On the sidelines of this grand battle, a being stood still, gazing at the cosmic conflict in front of her, trying to piece together just what exactly had happened. She had only vague memory of her first moments, the isolated impressions and emotions left behind by infancy. In front of her, a pillar of glittering dust attempted to thrust its way out of the lifeblood, pushing with all of its will to escape the divine incubator. The dust struggled, trying to fuse itself into one body, one consciousness, before being yanked back into the churning mass. It was not yet strong enough. The being continued to contemplate. She recalled no such battle. In fact, she did not remember experiencing any resistance at all, as if the lifeblood had not even noticed her leaving. One moment she was merely a cloud of thoughts and ideas, and the next, she was here.

Could it still see her? Retrieve its errant fragment? pull her back into the cosmic whirlpool and rip her into her most base parts? The thought was terrifying. This would not do. The newborn god willed her body to disappear, and she became nothing, protected from that which would harm her. Anxieties melted away. It felt safe. Natural.

There was nothing for her here. She took one last glance at the lifeblood, and flew towards the pale blue dot in the distance.


The Lifeblood

The lifeblood continued to stir. It looked upon its creations so far, that which intermingled and cooperated and competed with those of the primordial gods. Eventually, it found itself focusing its omniscient gaze upon one individual in particular. A large cat, deep within the jungle. Red eyes. Snow-white fur. An albino. Its thin tail swayed idley, looking almost as if it would snap off from its malnourished body if bent at the wrong angle. Tired, half lidded eyes rolled over the forest canopy, scanning to find the food so desperately needed. Its ears perked up as the trees gave an answer. A howling. It crept in the direction to find a troop of monkeys going about their business, rearing their young, gorging themselves on the bounty of the rainforest. Just as her mother had taught, the cat extended her claws, flattened herself against the branch, crept closer to her prey. Alerted the primates with her bleached skin. Heard the lookout screech a warning at the troop. Watched as her food nimbly retreated through the dense foliage, rocketing through the trees at a pace she could never hope to match. Gave up, and collapsed onto her branch. As the lifeblood watched this sad spectacle, it took pity. This animal was a victim of the fates, a mistake of Galbar that would soon be corrected and removed from the gene pool. In the game of life, there would always be losers. But to be cursed from birth in such a way seemed a special kind of cruelty. In an truly uncaring universe, said cruelty would simply be par for the course. the cat would die, few if any would notice, and life would go on.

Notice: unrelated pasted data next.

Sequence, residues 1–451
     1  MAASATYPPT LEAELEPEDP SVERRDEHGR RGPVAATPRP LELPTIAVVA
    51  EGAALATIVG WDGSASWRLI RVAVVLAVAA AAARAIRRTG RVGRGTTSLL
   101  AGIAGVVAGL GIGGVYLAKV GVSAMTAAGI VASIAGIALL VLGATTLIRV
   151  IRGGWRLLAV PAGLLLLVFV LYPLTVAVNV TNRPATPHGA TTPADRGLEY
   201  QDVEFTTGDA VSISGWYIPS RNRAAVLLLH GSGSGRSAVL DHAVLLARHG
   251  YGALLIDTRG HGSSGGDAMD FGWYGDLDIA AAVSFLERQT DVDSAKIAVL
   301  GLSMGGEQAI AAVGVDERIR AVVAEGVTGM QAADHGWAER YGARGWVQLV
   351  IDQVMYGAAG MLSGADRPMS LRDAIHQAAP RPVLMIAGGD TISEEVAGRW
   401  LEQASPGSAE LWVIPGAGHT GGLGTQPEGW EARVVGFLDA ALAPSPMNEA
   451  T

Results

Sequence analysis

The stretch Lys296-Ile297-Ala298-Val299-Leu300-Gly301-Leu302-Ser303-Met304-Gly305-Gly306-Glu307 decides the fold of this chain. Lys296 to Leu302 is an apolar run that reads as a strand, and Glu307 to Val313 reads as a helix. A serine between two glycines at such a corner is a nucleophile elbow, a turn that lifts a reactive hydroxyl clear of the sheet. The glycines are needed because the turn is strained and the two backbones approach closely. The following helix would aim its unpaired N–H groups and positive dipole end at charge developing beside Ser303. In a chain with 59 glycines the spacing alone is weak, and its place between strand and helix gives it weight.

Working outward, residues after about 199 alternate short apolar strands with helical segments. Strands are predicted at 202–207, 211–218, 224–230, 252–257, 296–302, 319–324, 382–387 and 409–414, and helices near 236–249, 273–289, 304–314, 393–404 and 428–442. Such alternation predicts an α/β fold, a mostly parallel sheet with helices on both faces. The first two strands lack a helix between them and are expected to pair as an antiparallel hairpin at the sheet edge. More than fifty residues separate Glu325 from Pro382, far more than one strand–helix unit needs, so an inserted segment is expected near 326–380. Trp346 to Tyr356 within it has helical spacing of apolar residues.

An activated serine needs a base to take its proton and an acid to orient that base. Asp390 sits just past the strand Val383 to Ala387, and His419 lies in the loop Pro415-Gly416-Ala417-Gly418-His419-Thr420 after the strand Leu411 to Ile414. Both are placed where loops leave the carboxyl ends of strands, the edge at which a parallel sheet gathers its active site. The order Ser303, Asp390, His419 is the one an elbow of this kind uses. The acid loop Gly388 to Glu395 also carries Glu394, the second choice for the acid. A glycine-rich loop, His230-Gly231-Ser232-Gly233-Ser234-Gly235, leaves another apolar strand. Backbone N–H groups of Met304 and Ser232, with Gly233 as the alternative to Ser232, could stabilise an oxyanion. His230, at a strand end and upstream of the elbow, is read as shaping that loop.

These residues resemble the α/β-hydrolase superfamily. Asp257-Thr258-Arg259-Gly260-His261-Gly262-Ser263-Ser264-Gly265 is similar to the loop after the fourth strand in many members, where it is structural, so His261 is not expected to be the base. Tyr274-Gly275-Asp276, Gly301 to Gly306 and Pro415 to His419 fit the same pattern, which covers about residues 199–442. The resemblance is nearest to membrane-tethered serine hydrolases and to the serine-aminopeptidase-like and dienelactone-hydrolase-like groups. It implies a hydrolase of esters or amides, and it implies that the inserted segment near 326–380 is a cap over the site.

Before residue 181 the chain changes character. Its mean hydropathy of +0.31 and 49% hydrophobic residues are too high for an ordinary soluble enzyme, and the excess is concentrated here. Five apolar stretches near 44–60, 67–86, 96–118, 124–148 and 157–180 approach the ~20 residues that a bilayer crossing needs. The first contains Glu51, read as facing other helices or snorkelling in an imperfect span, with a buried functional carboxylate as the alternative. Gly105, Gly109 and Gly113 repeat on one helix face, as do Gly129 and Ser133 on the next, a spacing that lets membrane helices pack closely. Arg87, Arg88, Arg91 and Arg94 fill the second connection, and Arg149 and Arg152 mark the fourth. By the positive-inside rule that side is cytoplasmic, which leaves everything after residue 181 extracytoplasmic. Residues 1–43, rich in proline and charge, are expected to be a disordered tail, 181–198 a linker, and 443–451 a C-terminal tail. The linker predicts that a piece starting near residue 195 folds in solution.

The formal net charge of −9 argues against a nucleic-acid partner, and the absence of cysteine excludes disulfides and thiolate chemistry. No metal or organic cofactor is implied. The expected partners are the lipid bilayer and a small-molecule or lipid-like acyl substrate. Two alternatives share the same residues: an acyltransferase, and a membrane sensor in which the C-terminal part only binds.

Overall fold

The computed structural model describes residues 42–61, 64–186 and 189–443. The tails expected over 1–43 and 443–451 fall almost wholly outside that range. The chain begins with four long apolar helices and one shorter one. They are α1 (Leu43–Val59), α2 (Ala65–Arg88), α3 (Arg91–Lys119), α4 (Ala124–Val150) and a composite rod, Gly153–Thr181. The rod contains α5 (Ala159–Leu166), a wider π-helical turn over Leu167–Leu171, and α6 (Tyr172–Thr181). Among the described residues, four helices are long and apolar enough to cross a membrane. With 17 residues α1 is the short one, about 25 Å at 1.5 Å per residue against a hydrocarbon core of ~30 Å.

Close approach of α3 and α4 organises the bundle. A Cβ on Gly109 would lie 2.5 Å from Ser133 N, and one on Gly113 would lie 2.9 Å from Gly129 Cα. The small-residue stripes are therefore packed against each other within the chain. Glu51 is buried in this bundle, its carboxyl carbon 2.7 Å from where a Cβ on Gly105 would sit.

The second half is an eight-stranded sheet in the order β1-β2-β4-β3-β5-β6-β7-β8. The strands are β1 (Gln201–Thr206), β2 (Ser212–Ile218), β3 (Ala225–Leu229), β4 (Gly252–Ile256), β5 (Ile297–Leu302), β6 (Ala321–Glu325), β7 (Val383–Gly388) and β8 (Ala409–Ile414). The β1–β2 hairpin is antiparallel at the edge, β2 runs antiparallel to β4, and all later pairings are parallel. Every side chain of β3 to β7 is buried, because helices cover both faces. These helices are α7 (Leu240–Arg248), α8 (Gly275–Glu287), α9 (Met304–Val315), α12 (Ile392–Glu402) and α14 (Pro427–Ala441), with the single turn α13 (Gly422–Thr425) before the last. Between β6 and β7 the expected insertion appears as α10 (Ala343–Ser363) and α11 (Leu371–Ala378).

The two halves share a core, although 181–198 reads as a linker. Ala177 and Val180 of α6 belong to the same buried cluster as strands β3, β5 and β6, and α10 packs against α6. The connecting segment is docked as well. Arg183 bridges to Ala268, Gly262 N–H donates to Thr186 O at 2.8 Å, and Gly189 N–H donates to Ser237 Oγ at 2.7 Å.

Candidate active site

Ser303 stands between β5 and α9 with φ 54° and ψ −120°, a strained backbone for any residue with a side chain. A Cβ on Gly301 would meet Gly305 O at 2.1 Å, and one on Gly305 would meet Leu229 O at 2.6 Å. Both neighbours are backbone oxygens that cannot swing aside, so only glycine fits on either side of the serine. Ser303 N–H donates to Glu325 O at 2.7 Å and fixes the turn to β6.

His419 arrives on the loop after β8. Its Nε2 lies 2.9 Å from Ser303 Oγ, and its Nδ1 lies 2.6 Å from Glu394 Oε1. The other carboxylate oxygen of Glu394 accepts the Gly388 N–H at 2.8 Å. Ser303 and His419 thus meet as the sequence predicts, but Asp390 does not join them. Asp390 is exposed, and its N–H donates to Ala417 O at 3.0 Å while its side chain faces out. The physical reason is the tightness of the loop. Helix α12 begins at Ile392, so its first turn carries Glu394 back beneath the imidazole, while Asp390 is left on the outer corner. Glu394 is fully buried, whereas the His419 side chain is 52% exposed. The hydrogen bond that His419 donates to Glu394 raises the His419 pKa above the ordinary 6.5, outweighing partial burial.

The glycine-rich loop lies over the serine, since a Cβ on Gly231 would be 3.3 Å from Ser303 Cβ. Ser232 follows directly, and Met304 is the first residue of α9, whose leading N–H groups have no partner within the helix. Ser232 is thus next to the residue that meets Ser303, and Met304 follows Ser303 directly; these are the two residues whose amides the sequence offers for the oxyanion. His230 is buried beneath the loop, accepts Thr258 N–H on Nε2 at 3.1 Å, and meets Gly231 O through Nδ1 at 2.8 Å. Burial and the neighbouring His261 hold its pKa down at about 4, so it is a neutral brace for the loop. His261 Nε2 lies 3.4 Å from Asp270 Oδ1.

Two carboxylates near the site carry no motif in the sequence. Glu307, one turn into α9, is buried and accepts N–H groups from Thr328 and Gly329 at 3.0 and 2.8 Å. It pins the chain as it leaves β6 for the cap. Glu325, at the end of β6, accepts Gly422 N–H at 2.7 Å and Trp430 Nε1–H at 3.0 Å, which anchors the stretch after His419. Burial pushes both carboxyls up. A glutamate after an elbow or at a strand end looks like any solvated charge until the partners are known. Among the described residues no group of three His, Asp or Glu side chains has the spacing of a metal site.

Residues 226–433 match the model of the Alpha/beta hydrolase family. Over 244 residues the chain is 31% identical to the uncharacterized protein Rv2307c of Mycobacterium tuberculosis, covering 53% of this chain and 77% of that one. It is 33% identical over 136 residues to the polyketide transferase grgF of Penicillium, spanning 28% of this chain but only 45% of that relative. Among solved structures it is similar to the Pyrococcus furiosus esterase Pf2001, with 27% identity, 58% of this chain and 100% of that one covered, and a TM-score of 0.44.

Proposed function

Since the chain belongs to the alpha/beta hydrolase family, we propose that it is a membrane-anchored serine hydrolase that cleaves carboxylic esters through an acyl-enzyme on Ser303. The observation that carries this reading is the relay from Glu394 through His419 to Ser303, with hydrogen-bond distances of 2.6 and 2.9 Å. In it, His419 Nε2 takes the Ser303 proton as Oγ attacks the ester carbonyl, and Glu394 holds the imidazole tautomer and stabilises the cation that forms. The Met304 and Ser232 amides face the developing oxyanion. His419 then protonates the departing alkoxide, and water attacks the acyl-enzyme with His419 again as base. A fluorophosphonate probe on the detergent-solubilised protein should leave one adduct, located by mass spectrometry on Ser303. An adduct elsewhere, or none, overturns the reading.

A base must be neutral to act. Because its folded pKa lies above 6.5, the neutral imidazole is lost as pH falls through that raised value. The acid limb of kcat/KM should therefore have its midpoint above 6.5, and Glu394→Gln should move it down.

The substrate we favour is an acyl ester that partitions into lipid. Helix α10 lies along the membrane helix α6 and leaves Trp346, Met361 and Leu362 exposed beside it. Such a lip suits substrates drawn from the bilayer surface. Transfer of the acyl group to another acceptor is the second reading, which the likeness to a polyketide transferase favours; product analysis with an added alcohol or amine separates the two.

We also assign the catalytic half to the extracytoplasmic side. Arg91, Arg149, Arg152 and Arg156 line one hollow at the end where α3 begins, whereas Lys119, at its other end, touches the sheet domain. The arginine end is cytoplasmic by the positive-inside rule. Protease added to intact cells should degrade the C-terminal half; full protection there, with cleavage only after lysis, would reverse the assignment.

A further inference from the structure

This was not that universe.

The lifeblood swirled around the lethargic feline like a tornado in miniature, active as it always was, and where it flowed, the cat changed. Its emaciated body became lithe and muscled. Alabaster fur fell off in large clumps. Everything grew until triple the previous size.And skin turned from a sickly and wrinkled shade of pink to a veritable canvas of the jungle, vines and leaves and flowers and bark, all identical to the forest behind it, changing scenery to match as the she moved.
All the while, the cat scrambled and panicked at the unforeseen transformation, thrashed until her ever-increasing weight caused the branch she was sulking on to snap, sending her tumbling through the canopy. She was now quite sure this was what dying was like, and to call it surprising would be an understatement. With a resounding thud she hit ground, and for five minutes she sat there, waiting for whatever curveball existence would throw next. But the lifeblood was gone by now, having done what it came to do. Far from the starving runt she was moments ago, She felt immense power course through her veins, her curse lifted by forces she would never dare to understand. And Life went on. She looked to one particular tree on the horizon, the one that reached into the heavens and then some. She trudged towards it with a purpose and, barely thinking, began to climb. The branches did not even concede to bend under her newfound weight. This would be her home, her own domain to protect. This would be where she would prosper.





V interested, currently making a character with the domain of stealth and portfolio of silence.